Destination: Time to Rock Festival (2010)

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The 2010 Time to Rock Festival offered music-lovers more metal and rock than the city has heard in a long time. The same location as the recent World DJ Festival, the Nanji Han River Camping area was again filled with thousands of people ready to get their rock on. There were several noticeable differences in the crowd, however – the bill was filled with Korean bands, and there were far fewer foreigners present than at the DJ Festival. I couldn’t tell you whether those two are correlated or not, but Korean and foreigner alike had a tough time understanding vocals.

The 2010 Time to Rock Festival offered music-lovers more metal and rock than the city has heard in a long time. The same location as the recent World DJ Festival, the Nanji Han River Camping area was again filled with thousands of people ready to get their rock on. There were several noticeable differences in the crowd, however – the bill was filled with Korean bands, and there were far fewer foreigners present than at the DJ Festival. I couldn’t tell you whether those two are correlated or not, but Korean and foreigner alike had a tough time understanding vocals.

Two stages offered differing styles of music – where the main (Nokia) stage offered up the louder or metal bands, the tent (Jager) stage offered up more of a pop sound.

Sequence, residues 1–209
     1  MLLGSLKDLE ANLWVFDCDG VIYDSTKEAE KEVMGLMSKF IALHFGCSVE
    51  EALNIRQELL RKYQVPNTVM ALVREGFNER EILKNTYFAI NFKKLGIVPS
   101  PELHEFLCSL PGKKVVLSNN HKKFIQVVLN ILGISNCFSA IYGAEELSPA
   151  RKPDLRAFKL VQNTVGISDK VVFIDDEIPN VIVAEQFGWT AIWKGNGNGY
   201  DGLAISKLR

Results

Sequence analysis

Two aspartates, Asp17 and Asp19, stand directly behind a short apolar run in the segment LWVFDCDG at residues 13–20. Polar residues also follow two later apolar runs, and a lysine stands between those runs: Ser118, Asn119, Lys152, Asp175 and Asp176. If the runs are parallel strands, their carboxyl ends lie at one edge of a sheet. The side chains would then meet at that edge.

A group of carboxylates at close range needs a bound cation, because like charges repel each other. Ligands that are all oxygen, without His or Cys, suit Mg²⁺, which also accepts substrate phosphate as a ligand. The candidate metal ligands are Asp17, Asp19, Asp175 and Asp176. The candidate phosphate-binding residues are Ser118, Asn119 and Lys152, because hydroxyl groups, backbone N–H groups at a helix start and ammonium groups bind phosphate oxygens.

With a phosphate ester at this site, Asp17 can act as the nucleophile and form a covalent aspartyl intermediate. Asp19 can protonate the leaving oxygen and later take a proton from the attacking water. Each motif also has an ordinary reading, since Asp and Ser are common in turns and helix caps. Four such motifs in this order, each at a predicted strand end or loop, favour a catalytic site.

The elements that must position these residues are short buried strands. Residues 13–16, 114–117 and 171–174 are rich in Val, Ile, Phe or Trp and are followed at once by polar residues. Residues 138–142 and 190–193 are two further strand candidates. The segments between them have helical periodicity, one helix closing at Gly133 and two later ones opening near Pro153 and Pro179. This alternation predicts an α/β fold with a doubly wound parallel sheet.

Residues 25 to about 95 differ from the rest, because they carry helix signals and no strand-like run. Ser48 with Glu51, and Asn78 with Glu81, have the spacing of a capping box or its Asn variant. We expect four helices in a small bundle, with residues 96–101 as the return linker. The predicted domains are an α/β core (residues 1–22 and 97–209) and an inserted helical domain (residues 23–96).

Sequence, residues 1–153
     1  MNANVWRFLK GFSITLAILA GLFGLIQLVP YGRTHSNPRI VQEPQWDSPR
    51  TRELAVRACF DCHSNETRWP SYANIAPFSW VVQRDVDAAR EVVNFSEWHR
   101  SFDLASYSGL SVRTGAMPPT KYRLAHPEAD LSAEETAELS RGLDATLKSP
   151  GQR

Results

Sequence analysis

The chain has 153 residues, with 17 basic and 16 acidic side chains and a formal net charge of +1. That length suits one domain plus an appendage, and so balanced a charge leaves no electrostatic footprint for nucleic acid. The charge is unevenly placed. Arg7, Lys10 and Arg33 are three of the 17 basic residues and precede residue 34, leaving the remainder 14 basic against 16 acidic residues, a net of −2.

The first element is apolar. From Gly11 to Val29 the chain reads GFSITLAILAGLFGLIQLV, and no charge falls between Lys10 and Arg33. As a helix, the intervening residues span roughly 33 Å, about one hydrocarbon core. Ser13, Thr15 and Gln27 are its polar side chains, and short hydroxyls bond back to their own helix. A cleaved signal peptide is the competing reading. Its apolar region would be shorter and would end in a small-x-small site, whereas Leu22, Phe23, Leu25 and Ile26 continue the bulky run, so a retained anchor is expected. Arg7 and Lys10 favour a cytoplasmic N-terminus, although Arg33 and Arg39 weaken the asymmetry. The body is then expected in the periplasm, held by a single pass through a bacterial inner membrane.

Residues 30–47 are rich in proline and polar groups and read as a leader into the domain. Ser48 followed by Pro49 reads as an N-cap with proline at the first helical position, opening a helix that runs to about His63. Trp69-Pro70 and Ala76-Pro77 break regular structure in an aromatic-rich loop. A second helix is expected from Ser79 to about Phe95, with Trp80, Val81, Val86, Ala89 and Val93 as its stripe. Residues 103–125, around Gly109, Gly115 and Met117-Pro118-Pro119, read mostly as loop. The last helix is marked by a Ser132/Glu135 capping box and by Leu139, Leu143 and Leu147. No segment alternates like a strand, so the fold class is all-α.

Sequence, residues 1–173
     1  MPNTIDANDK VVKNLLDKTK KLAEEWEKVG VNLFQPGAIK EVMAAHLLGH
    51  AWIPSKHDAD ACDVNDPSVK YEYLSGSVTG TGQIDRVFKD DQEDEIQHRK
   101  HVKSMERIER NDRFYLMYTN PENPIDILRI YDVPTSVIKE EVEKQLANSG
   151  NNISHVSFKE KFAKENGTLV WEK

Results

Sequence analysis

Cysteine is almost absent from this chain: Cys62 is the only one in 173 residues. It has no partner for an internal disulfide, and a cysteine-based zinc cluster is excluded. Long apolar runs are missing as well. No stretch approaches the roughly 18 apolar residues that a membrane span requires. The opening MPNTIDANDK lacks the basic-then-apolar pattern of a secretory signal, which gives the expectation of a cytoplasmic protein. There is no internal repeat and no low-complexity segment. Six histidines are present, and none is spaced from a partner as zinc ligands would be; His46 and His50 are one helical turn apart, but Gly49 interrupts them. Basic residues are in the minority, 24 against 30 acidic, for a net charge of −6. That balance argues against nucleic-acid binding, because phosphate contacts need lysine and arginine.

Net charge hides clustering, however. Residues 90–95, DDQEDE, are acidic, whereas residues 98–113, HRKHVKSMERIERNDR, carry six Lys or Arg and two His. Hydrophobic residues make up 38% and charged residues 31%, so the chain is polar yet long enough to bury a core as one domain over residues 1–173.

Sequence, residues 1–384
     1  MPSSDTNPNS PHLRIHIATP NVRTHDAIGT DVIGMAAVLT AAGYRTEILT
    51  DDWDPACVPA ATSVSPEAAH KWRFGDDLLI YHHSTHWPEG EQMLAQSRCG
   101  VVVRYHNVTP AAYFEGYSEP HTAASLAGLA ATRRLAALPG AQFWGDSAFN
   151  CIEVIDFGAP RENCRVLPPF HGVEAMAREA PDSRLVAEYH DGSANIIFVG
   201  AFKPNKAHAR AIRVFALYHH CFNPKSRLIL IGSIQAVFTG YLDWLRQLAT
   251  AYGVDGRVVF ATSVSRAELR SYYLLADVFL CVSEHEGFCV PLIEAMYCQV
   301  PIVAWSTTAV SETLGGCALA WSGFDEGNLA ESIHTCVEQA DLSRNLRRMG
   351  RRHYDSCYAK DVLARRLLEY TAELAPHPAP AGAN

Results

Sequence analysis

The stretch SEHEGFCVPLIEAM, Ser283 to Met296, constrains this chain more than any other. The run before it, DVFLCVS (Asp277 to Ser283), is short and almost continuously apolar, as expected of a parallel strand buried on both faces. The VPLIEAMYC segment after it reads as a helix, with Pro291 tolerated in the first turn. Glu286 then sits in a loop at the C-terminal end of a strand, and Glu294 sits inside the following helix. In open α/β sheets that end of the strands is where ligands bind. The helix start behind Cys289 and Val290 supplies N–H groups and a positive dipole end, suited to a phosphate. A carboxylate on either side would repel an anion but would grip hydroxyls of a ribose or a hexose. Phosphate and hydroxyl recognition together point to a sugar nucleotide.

Daybreak – the band’s bassist, at least.

Daybreak’s lead singer.

Since most of the bands were Korean (and all the announcements I heard were in Korean), it’s a little difficult to follow which band was on which stage. I’m pretty sure this was 내귀에 도청장치.

While raucous, the crowd was pretty well-contained – not pictured is the lone security guy in the middle of it all.


Loudness – the bassist and lead singer, respectively. They were probably the loudest (and most well received) band we saw all night.

The crowd, while significantly smaller than the DJ Festival, still numbered in the thousands – and kept rocking long after the sun went down. I had no complaints about the festival – well-organized, plenty of food and drink, plenty of good company with the Groove editors (those pictures will not be published to protect people’s reputations and good names… LOL), and of course plenty of music.

Ratings (out of 5 taeguks):
Ease to arrive:

Foreigner-friendly:

Convenience facilities:

Worth the visit:

Disclosure: Chris in South Korea received two free passes to the event from the Groove Magazine.

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